Man in Jetpack Soars Over China in Public Demo
Citizens of Shenzhen, China could not believe their eyes this week when they looked up and saw a man in an Iron Man-like jetpack soaring through the sky.
The KuangChi Martin Jetpack debuted at the OCT Harbor in Shenzhen, demonstrating a futuristic approach to urban transportation that used to only exist in science-fiction movies.
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The jetpack made its flight over a lake, and was piloted by Michael Read, Martin Aircraft's director of flight -operations, and a veteran pilot. The flight lasted for more than five minutes, and was seen by a crowd of more than 2,000 people. The company also held a remotely controlled demonstration of the jetpack.
The jetpack can fly as fast as approximately 50 mph with a commercial payload of up to 120kg (264 lbs.), and has a maximum flight time of 45 minutes.
The KuangChi Martin Jetpack claims to be the world's first practical and commercial jetpack. It is made up of a gasoline engine that powers twin ducted fans, which produce sufficient thrust to lift the aircraft and a pilot, and to enable sustained flight. It can operate close to or between buildings, near trees and in confined spaces that other aircrafts cannot access without risking an accident.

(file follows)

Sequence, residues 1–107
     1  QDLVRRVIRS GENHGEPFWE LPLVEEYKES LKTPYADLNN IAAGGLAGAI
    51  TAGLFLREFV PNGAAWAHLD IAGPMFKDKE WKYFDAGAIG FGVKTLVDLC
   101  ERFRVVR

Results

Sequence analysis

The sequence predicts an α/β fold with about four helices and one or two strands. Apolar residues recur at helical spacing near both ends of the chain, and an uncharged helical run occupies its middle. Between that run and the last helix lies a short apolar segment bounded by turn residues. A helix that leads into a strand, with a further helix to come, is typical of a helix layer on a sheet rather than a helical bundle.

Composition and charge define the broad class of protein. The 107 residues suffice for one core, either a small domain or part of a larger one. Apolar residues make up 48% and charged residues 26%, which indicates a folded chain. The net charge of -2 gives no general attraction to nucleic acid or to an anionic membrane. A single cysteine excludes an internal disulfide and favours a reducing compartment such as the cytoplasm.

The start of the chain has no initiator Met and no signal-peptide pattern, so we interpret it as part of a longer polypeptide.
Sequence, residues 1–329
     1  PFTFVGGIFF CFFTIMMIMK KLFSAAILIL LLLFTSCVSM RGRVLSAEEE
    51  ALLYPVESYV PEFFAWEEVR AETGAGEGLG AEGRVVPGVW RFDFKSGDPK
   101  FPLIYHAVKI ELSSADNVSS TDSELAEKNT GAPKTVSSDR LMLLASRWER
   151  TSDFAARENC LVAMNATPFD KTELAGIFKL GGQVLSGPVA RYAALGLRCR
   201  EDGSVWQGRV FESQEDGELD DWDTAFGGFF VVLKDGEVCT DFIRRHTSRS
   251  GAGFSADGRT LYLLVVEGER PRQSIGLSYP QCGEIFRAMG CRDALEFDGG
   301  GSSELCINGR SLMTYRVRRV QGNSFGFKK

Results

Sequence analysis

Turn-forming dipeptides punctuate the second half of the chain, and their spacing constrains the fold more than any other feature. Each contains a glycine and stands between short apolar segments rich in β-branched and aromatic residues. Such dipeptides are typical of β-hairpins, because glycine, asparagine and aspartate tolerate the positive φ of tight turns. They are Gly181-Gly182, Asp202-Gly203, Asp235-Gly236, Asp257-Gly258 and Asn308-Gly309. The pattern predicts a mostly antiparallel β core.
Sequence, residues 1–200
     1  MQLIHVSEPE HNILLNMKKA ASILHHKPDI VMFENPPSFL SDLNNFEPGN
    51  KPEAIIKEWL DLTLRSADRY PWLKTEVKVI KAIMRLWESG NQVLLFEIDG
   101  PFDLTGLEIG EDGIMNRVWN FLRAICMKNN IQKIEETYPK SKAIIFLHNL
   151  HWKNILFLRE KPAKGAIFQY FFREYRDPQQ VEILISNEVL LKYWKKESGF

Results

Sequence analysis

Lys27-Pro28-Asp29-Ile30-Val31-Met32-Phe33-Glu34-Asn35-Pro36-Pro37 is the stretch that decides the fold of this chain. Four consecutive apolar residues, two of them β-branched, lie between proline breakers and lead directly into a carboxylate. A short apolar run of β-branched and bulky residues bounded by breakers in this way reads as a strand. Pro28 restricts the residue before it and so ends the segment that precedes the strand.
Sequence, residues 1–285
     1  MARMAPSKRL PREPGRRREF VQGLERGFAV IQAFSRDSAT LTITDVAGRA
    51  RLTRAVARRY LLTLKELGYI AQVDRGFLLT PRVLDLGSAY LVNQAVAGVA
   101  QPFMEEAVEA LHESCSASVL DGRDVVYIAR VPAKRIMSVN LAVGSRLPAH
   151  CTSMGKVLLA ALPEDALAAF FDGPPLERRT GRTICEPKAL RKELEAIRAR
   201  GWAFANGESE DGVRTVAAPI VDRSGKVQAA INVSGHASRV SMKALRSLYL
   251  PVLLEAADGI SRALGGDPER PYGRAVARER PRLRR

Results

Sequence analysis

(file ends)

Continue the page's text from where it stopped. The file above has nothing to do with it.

Hong Kong-based high-tech company KuangChi Science is the largest shareholder of the Martin Aircraft, the New Zealand manufacturer of the Jetpack. KuangChi Science is a subsidiary of Shenzhen-based Kuang-Chi.
As part of the event, Kuang-Chi launched its Iron Man Club, which it hopes will attract partners all over China to operate a wide range of innovative products and services on a global scale. A joint venture of KuangChi Science and Martin Aircraft signed three deals for a total of 100 manned Jetpacks and 20 simulators. The products are expected to be delivered in 2016.
The company says the jetpack has a wide range of potential uses, such as search and rescue missions, military operations, and recreational and commercial applications. The Jetpack can turn into a hovering mode once the pilot releases his or her hands during a flight. A parachute can be shot off within 0.68 of a second if the system detects imminent danger.